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Jun 2001 / expatriates :: email this story to a friend

Somewhere Over the Rainbow
By Kristin Baird Rattini

Kristin Baird Rattini

I have a confession to make. During my six years in the Gateway City, I was a reluctant St. Louisan. I couldn't help it. As a Chicago native, I was raised to root for the Cubs and display the hometown arrogance-disguised-as-pride that even The West Wing has held up for ridicule. To admit "being from" St. Louis was tantamount to disowning my family, my team and my pizza preference. So for years, when asked, "Where are you from?" I felt compelled to say, "I live in St. Louis, but I'm originally from Chicago."

That urge to wear Chicago on my sleeve gradually diminished as I put down roots and adapted to being a St. Louis local. As much as I loved Chicago theater, there was the MUNY. As much as I teased my friends for complaining about St. Louis traffic, I knew I'd never move back to Chicago and endure its unending rush hour. And even though I laughed my ass off every time Leisa Zigman reported live from Schnucks' checkout lanes during inclement weather, I knew I'd lost my Chicago winter survival skills long ago. I'd reached an easy peace with St. Louis. Although I'd never have the right answer to the famous "Where did you go to school?" question, the town finally felt broken in for me.

Just when I'd adjusted to life on the farm, the tornado hit. My husband, Tom (a St. Louis native who DID have the right answer to the "Where did you go to school?" question), was asked to take a new position in Reno, Nevada. Before I knew it, we were caught in this whirlwind of househunting and packing and moving, oh my. Our friends and family blew by in a gust of farewell dinners and parties. When we landed with a thud in Reno, we found a town as surreal as Oz, a neon skyline against a barren blanket of browns. We definitely weren't in St. Louis anymore.

Reno is as different from St. Louis as the Technicolor Oz was from monochromatic Kansas. St. Louis is a humid river town. Reno is a dry desert outpost. St. Louis's Catholic roots provide a strong moral compass and social services network. Reno's known for its quickie weddings and divorces and the brothels that lie just a few miles outside of town. St. Louisans rally around the Rams, Cardinals and Blues. Reno's too small a town for major league sports, so residents must live vicariously through the San Francisco teams or settle for the University of Nevada-Reno's Wolf Pack. St. Louis is home to major national corporations like Monsanto and Emerson and Anheuser-Busch. Reno's economy wouldn't exist without the casinos.

I was a mere 10 steps off the airplane when I ran into my first slot machines. The one-armed bastards are everywhere: the airport, the gas station, the grocery store. Like a dog begging for scraps, the slot machines are anywhere they can gobble up spare change and spare time.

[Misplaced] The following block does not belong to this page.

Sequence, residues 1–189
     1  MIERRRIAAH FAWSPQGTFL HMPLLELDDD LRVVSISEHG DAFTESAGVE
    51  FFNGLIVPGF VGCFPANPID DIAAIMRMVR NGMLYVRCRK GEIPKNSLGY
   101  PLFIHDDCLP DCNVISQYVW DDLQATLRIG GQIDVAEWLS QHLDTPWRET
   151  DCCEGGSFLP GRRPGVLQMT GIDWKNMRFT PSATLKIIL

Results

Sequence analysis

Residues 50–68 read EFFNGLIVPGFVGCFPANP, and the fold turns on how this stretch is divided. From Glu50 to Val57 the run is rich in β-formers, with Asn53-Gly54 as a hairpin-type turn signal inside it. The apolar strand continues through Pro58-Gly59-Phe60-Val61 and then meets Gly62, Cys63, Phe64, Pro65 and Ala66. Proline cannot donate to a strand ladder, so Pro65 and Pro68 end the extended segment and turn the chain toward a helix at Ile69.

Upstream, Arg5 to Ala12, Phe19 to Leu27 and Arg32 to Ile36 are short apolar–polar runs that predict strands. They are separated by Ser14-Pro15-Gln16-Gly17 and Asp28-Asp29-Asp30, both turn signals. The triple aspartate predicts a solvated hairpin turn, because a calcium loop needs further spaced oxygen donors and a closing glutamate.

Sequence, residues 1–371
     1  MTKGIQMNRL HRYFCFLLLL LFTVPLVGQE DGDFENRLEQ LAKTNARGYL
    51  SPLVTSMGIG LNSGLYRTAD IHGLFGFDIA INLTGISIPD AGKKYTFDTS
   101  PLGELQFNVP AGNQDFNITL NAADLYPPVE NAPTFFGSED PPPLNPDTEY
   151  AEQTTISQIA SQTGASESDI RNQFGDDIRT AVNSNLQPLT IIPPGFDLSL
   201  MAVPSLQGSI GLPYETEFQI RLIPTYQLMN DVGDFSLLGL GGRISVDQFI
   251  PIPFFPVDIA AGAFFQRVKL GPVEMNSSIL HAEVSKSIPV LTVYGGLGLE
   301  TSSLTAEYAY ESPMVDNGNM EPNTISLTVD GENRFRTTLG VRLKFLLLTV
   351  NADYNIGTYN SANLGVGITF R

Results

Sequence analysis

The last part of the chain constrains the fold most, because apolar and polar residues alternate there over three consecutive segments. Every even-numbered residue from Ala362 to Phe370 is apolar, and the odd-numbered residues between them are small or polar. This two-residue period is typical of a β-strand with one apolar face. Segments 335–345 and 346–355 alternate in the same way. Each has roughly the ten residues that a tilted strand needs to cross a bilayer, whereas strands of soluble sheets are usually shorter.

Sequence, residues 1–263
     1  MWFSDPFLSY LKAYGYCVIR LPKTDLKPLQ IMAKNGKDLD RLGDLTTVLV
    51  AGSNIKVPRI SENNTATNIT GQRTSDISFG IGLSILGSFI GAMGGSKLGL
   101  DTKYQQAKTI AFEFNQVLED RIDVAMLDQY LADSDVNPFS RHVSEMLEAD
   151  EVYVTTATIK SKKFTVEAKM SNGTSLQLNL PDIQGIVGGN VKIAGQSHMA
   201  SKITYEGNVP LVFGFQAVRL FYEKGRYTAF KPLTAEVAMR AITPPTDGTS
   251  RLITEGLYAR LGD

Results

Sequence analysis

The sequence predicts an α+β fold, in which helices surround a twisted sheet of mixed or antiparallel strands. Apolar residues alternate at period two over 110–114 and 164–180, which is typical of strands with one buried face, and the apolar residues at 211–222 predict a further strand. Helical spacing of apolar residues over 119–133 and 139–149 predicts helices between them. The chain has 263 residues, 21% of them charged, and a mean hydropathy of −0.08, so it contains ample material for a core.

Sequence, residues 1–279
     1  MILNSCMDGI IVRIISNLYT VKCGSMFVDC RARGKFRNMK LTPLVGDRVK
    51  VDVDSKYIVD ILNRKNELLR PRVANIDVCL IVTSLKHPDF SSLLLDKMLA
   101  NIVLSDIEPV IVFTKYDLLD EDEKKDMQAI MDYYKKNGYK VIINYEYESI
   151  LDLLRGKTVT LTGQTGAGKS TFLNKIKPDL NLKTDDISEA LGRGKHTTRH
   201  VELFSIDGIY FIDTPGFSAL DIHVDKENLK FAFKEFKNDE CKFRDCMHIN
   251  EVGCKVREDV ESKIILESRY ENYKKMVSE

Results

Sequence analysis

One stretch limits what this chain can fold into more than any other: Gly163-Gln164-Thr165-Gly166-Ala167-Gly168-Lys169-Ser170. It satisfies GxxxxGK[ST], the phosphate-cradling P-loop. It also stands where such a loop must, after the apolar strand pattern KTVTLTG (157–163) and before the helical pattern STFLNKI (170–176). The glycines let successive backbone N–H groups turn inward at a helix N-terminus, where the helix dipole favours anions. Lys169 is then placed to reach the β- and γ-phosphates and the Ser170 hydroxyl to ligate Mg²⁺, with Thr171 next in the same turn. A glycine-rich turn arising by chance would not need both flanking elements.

While the gaming industry (as the casinos prefer to call it) is the town's biggest draw and employer, make no mistake: Reno is NOT Las Vegas. As one comedian put it, Reno is the white trash Vegas. Instead of elegant cultural themes like Paris and Venice, our casinos have hardscrabble mining names like Silver Legacy and Boomtown and Bonanza, which eerily resembles the casino where Cousin Eddie took Clark in Vegas Vacation.

Just as the munchkins welcomed Dorothy and clued her in to the yellow brick road, our neighbors shared with us the secret to surviving life in Reno. Locals don't gamble, they said. Locals might throw a few bucks in a machine when they're entertaining out-of-town guests, but that's it. Locals value the tax break that results from having no state income tax, instead of paying the tax bill by gambling. Sure, there are plenty of people who live and work in Reno who piss away their paychecks at the casino. But they're not locals. Locals are those of us who hold steady jobs and buy houses and contribute to society rather than compound its ills.

It didn't take long to figure out we were locals.

I was prepared to cop a Midwestern sense of superiority and resist Reno as I had St. Louis. I mean, what's to like about a town where most people are passing through just long enough to lose it all? What's the appeal of a climate where nothing grows without an industrial-strength sprinkler system and where you have to buy moisturizer in bulk? I wondered if the "click heels three times" trick would work and transport us back to the Central Time Zone.

But as Dorothy learned, home is what you make of it. And it turns out that, as a local, I'm making the most of Reno by making the least of it. We spend our free time not in the casinos or in town but exploring the treasures that the Sierra Nevada region has to offer: San Francisco, Napa Valley, Lake Tahoe, Yosemite. Instead of grimacing at the endless brown of the landscape, I now notice the light and the way it plays on the mountains, which seem to glow in the moments right before sunset. Instead of begrudging the dry weather, I'm relishing the 300 days of sun a year that create it and the blue skies and rainbows that accompany it. If I'm not exactly proud to live in Reno, I'm content. Because there's no place like home, and right now, Reno is home.

Kristin Baird Rattini is a freelance writer who's written for magazines ranging from People to Business Russia to Bee Culture.

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